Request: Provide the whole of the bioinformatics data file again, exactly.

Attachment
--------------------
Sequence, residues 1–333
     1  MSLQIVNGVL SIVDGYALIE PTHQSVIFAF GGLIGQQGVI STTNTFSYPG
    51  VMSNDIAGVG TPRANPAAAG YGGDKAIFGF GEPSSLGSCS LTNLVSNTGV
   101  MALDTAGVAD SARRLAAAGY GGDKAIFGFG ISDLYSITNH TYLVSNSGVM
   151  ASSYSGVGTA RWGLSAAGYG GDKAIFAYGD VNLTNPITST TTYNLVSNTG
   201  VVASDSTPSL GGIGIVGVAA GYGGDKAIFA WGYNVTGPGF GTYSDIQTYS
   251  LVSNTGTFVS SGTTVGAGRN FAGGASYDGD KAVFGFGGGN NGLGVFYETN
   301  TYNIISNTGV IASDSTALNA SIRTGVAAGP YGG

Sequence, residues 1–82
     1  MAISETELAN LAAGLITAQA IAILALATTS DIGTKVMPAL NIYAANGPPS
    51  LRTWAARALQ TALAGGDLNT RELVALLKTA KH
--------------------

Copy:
Sequence, residues 1–333
     1  MSLQIVNGVL SIVDGYALIE PTHQSVIFAF GGLIGQQGVI STTNTFSYPG
    51  VMSNDIAGVG TPRANPAAAG YGGDKAIFGF GEPSSLGSCS LTNLVSNTGV
   101  MALDTAGVAD SARRLAAAGY GGDKAIFGFG ISDLYSITNH TYLVSNSGVM
   151  ASSYSGVGTA RWGLSAAGYG GDKAIFAYGD VNLTNPITST TTYNLVSNTG
   201  VVASDSTPSL GGIGIVGVAA GYGGDKAIFA WGYNVTGPGF GTYSDIQTYS
   251  LVSNTGTFVS SGTTVGAGRN FAGGASYDGD KAVFGFGGGN NGLGVFYETN
   301  TYNIISNTGV IASDSTALNA SIRTGVAAGP YGG

Sequence, residues 1–82
     1  MAISETELAN LAAGLITAQA IAILALATTS DIGTKVMPAL NIYAANGPPS
    51  LRTWAARALQ TALAGGDLNT RELVALLKTA KH